board (that’s a definite plus cause I hate the cleaning up!).
I’ve also done this with breakfast. I’ve piled onto a large board eggs (fried, poached or scrambled), salad items, nibbles, fruit, cheeses and croissants, toast or English muffins and presented it for a wonderful and hearty brunch on a lazy Sunday.
Breakfast deconstruction. Looks more enticing than eggs on toast!

Do the chicken and salad or salmon and salad have to be two completely separate elements on the plate? Why not add the cooked chicken or salmon to the salad and have it as a complete meal with some crusty bread? I’ve done this plenty of times with my warm chicken salad that’s evolved from a simple Women’s Weekly recipe I discovered over ten years ago.
Similarly, you don’t have to eat beans or lentils as a separate element either. I made a salad the other day for a work function where I included lentils along with lettuce mix, tomatoes, beetroot, avocado and feta. It was a definite success as everyone commented on how good it was, and how unusual it was. But it’s such a simple idea!
Lentil salad. 
Pasta salad from the stores always seems to have so much creamy stuff in them. Why not just toss the pasta with some pesto and a touch of olive oil and add in some olives, sun-dried tomatoes, corn, or whatever vegetables it is you like and have on hand. It’s a great side to a meal and it means that you’re not weighing yourself down with a main-sized stodgy pasta heaped with cheese, cream and calories.
Got a whole bunch of aging vegetables in the fridge? Sauté or grill them in a fry pan like a stir fry with some seasoning (herbs, spices, sauces or pesto) and then serve over the top of some grilled (or barbequed) polenta wedges. According to a cookbook I read once this is called ‘Strata’. It’s simple, easy and the best bit is that you can cook it for a gluten free friend (check the type of seasoning though) as its vegetables and corn! Easy, simple, delicious, budget and gluten friendly! Could you ask for any more?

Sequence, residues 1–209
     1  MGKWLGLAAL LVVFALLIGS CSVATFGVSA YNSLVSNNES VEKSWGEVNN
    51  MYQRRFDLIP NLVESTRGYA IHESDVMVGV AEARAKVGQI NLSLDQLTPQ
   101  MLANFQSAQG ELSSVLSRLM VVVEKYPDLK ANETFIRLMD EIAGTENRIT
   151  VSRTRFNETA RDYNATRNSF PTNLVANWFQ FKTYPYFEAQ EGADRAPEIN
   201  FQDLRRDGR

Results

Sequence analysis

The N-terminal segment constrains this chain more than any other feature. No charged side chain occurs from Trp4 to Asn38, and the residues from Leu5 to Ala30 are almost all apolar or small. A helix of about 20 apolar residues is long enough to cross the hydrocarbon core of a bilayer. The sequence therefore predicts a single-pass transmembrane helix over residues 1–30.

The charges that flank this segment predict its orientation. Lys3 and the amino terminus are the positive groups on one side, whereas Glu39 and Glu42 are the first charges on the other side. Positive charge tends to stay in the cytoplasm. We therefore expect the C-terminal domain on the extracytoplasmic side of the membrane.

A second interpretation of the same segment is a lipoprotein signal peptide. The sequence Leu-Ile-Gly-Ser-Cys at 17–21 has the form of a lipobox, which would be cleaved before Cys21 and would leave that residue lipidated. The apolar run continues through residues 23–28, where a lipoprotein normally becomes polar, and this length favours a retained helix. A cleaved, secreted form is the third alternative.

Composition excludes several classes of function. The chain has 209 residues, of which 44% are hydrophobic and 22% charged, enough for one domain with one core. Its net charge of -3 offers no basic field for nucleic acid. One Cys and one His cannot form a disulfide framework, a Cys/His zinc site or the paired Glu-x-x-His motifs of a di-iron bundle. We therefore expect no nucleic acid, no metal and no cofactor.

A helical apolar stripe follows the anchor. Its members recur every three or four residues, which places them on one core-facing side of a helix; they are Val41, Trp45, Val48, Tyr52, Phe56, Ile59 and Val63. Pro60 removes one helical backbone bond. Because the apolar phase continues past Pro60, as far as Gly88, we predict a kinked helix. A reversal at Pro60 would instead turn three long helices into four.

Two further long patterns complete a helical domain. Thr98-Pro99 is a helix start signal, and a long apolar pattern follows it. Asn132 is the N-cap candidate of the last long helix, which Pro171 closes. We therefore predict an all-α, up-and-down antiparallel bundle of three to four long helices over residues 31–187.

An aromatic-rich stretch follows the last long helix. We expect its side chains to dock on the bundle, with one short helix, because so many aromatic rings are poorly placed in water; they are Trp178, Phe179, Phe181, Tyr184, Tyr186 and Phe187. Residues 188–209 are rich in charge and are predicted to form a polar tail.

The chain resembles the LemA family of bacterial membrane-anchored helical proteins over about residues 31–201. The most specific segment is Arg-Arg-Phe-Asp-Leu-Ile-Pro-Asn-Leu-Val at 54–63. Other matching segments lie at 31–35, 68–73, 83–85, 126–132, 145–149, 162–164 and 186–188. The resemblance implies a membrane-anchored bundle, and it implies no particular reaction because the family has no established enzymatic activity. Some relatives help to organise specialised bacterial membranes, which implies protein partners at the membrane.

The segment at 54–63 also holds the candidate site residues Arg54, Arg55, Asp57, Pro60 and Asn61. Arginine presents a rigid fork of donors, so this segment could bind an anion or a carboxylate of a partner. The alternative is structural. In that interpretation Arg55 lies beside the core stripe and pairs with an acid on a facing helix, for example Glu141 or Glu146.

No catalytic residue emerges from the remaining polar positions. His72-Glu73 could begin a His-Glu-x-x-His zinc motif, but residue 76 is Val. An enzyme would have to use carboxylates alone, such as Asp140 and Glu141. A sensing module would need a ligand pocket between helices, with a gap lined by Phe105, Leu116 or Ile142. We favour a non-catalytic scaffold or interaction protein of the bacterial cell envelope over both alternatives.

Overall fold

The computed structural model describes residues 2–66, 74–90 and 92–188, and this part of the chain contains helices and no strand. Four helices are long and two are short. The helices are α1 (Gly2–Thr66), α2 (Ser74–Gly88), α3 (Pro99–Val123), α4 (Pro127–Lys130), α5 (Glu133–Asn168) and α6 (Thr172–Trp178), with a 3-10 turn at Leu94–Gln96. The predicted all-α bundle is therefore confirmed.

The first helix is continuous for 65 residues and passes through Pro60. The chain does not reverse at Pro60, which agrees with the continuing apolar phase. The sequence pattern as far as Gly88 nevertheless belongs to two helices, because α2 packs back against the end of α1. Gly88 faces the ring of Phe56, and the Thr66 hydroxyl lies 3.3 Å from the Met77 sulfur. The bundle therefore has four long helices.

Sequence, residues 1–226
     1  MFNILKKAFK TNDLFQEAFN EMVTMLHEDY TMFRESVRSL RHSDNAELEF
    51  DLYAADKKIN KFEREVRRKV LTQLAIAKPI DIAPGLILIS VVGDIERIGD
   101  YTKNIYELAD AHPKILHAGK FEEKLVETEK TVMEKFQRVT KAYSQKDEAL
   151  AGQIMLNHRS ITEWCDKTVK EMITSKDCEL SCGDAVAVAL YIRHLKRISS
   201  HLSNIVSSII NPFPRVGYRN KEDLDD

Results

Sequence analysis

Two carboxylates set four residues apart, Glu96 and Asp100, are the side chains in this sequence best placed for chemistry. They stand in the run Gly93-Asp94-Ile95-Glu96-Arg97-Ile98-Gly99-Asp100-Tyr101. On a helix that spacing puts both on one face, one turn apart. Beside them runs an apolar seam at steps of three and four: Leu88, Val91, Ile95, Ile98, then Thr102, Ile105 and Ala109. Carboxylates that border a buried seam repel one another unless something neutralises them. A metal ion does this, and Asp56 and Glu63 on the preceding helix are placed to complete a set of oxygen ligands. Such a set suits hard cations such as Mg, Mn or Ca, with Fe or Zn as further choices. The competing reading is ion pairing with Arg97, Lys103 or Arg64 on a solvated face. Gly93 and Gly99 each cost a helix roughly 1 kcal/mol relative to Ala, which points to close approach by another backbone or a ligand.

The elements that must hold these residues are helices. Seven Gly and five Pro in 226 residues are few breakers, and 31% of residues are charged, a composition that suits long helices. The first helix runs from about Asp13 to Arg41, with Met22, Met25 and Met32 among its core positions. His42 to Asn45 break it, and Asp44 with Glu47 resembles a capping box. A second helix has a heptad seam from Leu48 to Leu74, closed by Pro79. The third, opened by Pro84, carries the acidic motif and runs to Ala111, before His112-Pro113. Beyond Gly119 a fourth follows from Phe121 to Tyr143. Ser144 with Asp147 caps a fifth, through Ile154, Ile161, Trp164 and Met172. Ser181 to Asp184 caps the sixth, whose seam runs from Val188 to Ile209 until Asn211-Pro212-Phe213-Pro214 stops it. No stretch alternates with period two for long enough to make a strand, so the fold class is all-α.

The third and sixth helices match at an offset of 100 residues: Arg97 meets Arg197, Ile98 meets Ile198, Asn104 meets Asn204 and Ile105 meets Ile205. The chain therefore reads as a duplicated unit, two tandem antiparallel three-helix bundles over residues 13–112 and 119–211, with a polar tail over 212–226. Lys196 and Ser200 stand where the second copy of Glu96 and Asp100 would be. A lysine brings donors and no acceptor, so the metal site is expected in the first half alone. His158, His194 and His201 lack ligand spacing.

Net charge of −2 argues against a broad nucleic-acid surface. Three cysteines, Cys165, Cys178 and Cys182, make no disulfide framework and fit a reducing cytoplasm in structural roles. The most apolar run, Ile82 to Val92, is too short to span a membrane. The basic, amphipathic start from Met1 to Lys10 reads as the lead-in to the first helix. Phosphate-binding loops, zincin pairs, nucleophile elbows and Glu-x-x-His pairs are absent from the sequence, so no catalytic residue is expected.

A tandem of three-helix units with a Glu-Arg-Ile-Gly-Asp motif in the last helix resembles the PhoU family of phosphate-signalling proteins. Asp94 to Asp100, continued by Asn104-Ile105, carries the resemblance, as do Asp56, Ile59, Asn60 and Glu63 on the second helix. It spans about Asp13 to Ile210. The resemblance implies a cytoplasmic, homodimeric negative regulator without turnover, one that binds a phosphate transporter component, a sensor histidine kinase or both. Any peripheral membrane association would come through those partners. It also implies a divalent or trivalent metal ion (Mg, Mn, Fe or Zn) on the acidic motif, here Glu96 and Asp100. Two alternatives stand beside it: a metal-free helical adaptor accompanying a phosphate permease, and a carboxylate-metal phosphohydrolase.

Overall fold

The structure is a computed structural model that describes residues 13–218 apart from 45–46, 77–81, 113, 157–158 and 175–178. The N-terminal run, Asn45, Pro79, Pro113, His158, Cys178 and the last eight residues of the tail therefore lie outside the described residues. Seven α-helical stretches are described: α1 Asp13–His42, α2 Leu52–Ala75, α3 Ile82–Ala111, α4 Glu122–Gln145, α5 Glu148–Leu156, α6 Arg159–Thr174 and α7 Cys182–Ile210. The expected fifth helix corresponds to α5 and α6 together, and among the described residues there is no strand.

This last idea I saw in a magazine only last week. If you’re keen on iced coffee in the summer you’ll most likely add ice cubes to keep the whole thing cool. But as the ice cubes melt they dilute the strength of your coffee. Simple solution: ahead of time freeze left over coffee (presumably from a pot you made and didn’t finish) into ice cube trays so come iced coffee time, you’ve got a cool cube just as you needed, but one already made from coffee so there won’t be any diluting of flavour. Cool idea, huh? Presumably this can be extended into other types of drinks as well such as iced tea and juices. You could even do it with wine and champagne I reckon too. Have you ever done this? I’ve seen Nigella Lawson add wine to ice cube trays and then add these to casseroles and sauces when she only needs a small amount of wine. Too cool!
Hopefully by now you’re brimming with ideas and raring to go with creating a bit of easy to do variety in your kitchen. Leave a comment to share with us any other interesting and crazy ideas that make life that much more interesting in your kitchen and with your own culinary passions!

Here’s to your creativity!